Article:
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There’s a growing generation gap when it comes the promise of revenues from data-driven projects. Where younger workers see the future, older workers may only see another cycle of tech hype.
IT has been experiencing a bit of a generation gap between so-called digital natives, who grew up with iPhones and cloud computing, and older workers who didn’t. Now, a new study from IDG Enterprise says younger workers see a lot more opportunity in big data than their older counterpars do.
Specifically, workers aged 18 to 34 are “vastly more likely” than other age groups to strongly agree on the transformative potential of big data and their companies’ readiness to take advantage of it, according to the IDG Enterprise Data & Analytics Survey 2016.[Your job is probably secure. For now. Read Robots, AI Won’t Destroy Jobs Yet.]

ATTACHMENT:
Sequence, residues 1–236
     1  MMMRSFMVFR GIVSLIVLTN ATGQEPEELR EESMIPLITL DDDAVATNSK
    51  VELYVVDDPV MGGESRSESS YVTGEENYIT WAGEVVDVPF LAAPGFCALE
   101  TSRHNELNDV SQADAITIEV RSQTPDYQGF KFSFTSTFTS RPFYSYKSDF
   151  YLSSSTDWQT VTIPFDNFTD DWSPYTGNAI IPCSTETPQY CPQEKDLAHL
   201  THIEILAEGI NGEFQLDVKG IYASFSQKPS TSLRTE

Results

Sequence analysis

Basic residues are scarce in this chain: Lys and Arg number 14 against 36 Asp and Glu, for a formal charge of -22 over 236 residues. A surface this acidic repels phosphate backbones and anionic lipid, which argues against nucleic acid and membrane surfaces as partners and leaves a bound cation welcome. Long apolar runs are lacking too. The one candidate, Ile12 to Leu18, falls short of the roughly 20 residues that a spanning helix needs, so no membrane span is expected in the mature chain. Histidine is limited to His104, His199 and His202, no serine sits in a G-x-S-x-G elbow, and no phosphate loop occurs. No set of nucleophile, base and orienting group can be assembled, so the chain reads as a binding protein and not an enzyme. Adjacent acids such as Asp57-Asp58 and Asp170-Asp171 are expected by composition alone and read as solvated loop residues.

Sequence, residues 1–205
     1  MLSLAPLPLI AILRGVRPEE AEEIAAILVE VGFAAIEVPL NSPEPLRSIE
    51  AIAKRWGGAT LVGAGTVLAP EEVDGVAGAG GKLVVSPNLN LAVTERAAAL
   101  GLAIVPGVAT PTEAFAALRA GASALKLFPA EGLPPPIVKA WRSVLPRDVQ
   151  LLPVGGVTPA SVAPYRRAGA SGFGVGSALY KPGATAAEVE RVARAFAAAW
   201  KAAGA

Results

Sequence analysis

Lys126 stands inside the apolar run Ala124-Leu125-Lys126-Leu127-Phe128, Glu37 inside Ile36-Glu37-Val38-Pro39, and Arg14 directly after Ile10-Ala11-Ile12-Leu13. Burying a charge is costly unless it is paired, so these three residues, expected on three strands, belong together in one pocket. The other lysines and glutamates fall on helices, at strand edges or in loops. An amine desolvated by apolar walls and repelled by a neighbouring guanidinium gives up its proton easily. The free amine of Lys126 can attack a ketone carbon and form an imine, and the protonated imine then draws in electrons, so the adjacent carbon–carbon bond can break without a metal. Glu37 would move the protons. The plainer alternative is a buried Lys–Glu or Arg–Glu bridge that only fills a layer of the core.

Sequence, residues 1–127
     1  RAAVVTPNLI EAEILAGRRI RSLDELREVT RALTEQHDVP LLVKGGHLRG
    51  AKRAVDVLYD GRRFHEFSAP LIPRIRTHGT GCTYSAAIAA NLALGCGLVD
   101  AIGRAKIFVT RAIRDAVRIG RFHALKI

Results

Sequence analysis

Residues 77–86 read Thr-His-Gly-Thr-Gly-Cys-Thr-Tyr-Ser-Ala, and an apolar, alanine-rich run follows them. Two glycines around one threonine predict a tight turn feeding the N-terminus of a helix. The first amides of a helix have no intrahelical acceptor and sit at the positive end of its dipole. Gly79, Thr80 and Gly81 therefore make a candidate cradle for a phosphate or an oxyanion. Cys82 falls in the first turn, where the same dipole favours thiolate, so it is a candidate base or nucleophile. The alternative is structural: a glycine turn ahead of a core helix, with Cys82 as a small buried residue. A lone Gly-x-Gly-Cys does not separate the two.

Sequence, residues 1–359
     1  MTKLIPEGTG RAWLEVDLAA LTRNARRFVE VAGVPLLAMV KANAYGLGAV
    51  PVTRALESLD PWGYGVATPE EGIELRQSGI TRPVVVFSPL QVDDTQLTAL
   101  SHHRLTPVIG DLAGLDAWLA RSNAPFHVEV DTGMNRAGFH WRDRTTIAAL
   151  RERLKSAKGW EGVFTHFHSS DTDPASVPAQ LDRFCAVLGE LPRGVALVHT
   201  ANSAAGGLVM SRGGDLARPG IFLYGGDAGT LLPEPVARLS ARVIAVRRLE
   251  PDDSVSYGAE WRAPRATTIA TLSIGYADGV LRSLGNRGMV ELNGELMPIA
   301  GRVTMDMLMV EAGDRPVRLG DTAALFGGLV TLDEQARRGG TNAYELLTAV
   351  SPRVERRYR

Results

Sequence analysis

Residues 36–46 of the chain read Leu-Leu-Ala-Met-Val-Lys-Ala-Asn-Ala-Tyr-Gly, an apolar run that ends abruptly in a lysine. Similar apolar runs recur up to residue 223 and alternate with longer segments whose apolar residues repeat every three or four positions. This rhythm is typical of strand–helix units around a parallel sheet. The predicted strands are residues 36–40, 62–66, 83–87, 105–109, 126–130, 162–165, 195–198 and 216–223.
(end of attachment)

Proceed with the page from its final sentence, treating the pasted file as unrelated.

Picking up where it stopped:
IDG Enterprise surveyed 724 IT decision-makers of all ages involved in big data initiatives. The report does not reveal the numbers of respondents per age group.
The report said respondents aged 55 and older are significantly more likely than those in other age groups to disagree that big data will open up new revenue opportunities and/or lines of business in the near future. These respondents are also more uncertain than other age groups about whether their big data ecosystem will change in the next 12 months, and how it will change.